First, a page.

Change in an organization is always stressful. Even in situations where change can benefit the organization, it still can be accompanied by a great deal of stress. This stress occurs because individuals need to adapt; which then requires people to use their resources,  and step out of their comfort zone. A time of change can be made easier by the organizational leaders, like managers or executives—or even colleagues. This is a moment in which they should offer plenty of support to their colleagues and employees. But how should they do this?

First off—I don’t believe it’s about ‘them’ but about us. We are all leaders regardless of our job title—and we all have the ability to shift people’s mindset during change!

Let’s take a look at some options to do this:

Model the right behaviours

Social learning theory, proposed by Albert Bandura, suggests that people learn through observation. A person learns when they are exposed to a model and may imitate that model or store the information for later use. Some models are more influential than others. In the case of organizational leaders, it is expected that they will model behaviours related to change. If the managers act nervously or in a negative way, it’s likely that others will respond similarly. The leaders have the advantage of being in a role of authority, which makes it likely that people will already be turning to them to see how to react and what is expected. This is an opportunity to teach by example.

Promote openness

An intimidating aspect of change can be the unknown. When people are not sure about how the change will affect them, their role, their job, they might feel more anxious. In a company, especially a big one, rumours may start brewing. Rumours are not usually positive, but negative! This means that it is important to address concerns openly. It is good to give an overview of the planned changes and, if possible, the effects they will have on members of the organization. Sometimes, the changes might not have clear consequences, which is also necessary to address. It is key that employees know their concerns are heard and that the change is being done in an effective way. Honest and adult discussions can help employees feel involved in the process and also can cut down on a lot of unnecessary stress. Even being reassured that they will hear about the impacts as soon as possible (of course, a reassurance that is followed through!) can help people feel more comfortable with the change.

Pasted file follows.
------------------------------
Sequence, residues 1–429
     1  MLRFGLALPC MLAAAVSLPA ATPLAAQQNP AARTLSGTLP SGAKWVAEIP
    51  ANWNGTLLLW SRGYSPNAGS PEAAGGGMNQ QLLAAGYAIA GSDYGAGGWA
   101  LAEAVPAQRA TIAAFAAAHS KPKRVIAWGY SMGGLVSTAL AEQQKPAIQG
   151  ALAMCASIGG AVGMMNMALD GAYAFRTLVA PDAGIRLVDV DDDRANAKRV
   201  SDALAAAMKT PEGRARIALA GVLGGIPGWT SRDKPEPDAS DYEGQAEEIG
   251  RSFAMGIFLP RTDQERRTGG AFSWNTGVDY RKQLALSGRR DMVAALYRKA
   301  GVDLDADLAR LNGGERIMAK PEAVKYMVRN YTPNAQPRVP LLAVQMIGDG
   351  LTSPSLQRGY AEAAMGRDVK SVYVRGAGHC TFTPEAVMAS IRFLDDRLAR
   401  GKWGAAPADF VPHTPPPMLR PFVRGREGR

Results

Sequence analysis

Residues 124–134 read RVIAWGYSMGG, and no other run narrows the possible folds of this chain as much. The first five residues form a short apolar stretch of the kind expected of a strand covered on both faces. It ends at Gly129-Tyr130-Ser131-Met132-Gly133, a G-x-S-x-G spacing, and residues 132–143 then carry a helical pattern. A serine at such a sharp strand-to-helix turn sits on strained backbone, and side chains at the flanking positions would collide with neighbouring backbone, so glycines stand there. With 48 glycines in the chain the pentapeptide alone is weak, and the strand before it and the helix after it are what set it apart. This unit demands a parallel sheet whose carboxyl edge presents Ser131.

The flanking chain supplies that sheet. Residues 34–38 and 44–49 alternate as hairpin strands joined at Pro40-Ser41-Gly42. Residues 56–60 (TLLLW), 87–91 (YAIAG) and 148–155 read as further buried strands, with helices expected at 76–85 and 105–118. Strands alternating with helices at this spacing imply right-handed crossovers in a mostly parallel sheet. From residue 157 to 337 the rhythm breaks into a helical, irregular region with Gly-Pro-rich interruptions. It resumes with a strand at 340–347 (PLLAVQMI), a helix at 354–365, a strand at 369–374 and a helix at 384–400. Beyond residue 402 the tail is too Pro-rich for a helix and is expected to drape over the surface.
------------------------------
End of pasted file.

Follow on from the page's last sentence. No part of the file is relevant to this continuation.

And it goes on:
Encourage gratitude and kindness

Some changes might have negative consequences, like layoffs or changes in positions. Others might lead to positive consequences on the long-term, but many short-term difficulties, such as working extra hours or lack of vacations—and all the accompanying stress.  It can be very good for morale to promote kindness and gratitude on an organizational level. Positive psychology, a branch of psychology focused on the study of the positive aspects of human nature with authors such as Martin Seligman, has found that concepts like kindness and gratitude are good for psychological health and well-being. Not a surprise!  The organization that promotes it through example and encourages it, is likely to have more loyal and motivated members. People who feel welcome at their organization are far more likely to go out of their way to help. Kindness and gratitude, like negativity, can become self-perpetuating cycles.  Don’t we want kindness and gratitude everywhere? Yes!

In what ways can kindness and gratitude be encouraged? It is important to offer fair treatment to employees and be flexible with rules when possible. Be clear and open about how meetings will run. Have a process in place to handle disagreements. Listen to people’s feelings (but don’t try to solve them!) Focus on small areas that don’t affect the organization significantly. For example, allowing the person to complete their work in the way that works for them. People tend to remember small acts of kindness and respond in kind. Expressing gratitude means acknowledging the contributions and efforts of different employees and recognizing (and rewarding) this effort when possible. Even when a company is changing and not able to offer material rewards, non-material expressions of gratitude can do a lot to boost morale. Be specific about what you are giving thanks for. Create an ‘encouragement wall’ for people to specifically thank others. Never underestimate the power of words!

There are different tools available for leaders who want to offer support when a change is occurring. It is important to find the tools that fit best and focus on setting a good example. The most important thing is to apply these ideas—not just read the words. You can do it!

 

copyright Gregg Brown 2017

This is an excerpt from my most recent book, Ready, Set, Change…AGAIN!

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